- For the traditional Jewish reader, the Torah was the ultimate legacy. There was never any question of which tradition he should choose; it was only a matter of deepening his knowledge of the text that he took for granted as his very own. For the modern reader, however, the Torah is only one of many spiritual sources with which it must compete. Any Torah commentary today must take this competitive challenge into account.
- It seems important nowadays to read the Torah as an engaging story of the characters presented as personalities having challenges and doubts, with many aspects of greatness but, to be sure, shortcomings and flaws as well. Reading of the Torah must include the dynamics of development – evolution of people, ideas, and concepts. Commentators of previous ages saw the characters of the Torah exclusively as a source for deriving lessons and teachings, not as personalities. They also typically disregarded any development of ideas and concepts in transition from one book of the Torah to another. They perceived the entire Torah narrative as a uniform instantaneous event
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The modern reader’s needs are very difficult to address. One of the attempts to develop a new approach to the understanding of the Torah text was made in the middle of the 20th century by Yehuda Leon Ashkenazi (Manitou), prominent rabbi and Kabbalist. He revealed the ideas and concepts necessary to formulate a new way of understanding the Torah narrative
Yehuda Leon was born in 1922 into the family of the chief rabbi of Algeria, the family that had its own kabbalistic tradition. His education was both deeply religious and broadly secular.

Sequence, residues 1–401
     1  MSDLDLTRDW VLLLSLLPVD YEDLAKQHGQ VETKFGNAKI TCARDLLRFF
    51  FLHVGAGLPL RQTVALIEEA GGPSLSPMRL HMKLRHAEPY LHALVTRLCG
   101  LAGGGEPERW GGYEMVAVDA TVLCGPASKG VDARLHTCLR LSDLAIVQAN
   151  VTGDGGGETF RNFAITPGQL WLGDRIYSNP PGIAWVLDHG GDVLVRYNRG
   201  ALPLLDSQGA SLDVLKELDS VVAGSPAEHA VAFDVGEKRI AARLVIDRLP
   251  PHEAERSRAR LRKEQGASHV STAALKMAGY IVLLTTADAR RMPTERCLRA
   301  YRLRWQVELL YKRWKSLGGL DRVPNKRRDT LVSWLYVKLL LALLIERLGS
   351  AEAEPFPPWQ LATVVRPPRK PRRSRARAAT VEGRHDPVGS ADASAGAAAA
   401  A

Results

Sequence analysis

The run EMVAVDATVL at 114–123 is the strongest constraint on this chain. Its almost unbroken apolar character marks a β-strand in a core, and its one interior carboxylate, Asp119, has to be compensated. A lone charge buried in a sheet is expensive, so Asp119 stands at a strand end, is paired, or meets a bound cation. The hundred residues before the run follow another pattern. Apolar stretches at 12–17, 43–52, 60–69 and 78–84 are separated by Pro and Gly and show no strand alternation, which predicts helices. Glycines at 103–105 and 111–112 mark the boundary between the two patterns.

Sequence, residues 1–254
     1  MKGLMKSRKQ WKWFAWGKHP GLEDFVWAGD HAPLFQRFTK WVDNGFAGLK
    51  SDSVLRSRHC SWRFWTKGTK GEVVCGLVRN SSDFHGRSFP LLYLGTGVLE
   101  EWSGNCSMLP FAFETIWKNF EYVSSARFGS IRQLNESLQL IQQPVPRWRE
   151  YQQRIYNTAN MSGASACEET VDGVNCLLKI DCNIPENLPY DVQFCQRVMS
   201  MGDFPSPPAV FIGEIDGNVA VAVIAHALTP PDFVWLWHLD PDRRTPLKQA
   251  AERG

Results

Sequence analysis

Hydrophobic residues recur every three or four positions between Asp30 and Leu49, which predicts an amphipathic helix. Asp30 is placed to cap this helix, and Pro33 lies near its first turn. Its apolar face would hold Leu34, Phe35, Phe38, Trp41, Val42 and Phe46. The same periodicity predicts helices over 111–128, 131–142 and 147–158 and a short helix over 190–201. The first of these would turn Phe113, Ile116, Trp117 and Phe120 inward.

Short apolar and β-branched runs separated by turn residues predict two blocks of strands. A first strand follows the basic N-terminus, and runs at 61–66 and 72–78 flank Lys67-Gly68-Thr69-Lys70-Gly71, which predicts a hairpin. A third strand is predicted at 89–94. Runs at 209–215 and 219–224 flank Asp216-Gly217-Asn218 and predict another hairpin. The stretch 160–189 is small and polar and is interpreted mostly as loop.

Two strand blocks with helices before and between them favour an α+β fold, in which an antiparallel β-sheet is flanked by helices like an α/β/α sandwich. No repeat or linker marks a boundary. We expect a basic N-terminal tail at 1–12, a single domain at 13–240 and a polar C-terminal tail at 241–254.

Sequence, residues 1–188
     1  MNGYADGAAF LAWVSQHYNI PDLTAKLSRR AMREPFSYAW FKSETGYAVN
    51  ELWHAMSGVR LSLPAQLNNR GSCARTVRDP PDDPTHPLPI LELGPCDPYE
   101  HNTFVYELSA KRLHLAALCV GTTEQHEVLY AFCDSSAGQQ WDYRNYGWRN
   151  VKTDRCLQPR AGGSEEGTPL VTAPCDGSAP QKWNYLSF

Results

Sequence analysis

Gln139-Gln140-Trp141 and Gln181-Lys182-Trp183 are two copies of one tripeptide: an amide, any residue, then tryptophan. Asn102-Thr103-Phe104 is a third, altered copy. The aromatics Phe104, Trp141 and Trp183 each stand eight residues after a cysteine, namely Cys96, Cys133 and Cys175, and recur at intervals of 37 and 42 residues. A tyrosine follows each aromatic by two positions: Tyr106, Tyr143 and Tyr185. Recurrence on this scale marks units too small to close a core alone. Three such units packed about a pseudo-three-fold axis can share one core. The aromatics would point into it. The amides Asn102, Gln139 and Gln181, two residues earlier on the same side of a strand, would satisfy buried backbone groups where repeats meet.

During the Second World War Ashkenazi fought in the French resistance. He moved to France after the war and became one of the key figures in the post-war revival of French Jewry. (By this time, he was known by his cognomen “Manitou”.) Following the Six Day War of 1967 he moved to Israel, where for three decades he was one of the leaders of the yeshiva of Rabbi Abraham Isaac Kook, Merkaz Ha-Rav, and spiritual leader of French Jewry’s religious Zionist movement. He died in Jerusalem in 1996.
Teaching mainly in French throughout his life, Manitou exerted a far-reaching influence on French-speaking Jewry. He wrote very little and mostly focused on lecturing and teaching. As a result, relatively few of his teachings were translated into other languages, and only recently there appeared Hebrew publications. In the English-speaking world (not to mention other languages) Manitou’s concepts are almost virtually unknown even to this day.
The Bible Dynamics commentary is based primarily on Rabbi Uri Cherki’s lectures; it also includes a number of the author’s own ideas and additions
The school of Rabbi Uri Cherki is one of the most prominent modern Israel proponents of the ideas of Manitou. The school presented Rabbi Ashkenazi’s approach in a systematic way in a series of the Torah lectures (never published in written form, however).
The ideas that Rabbi Ashkenazi reveals allow us to see the Patriarchs as dynamic personalities who evolved and changed throughout their lives. He teaches us to ask questions: How did Abraham, Isaac, Jacob, and Moses evolve in the course of the Torah’s narratives? How did their views and ideas change over time? How and why do the ideas of Leviticus and Numbers differ from those of Genesis and Exodus? And why are the commandments and the development of the Jewish nation as presented in the book of Deuteronomy different from those in the earlier books of the Torah?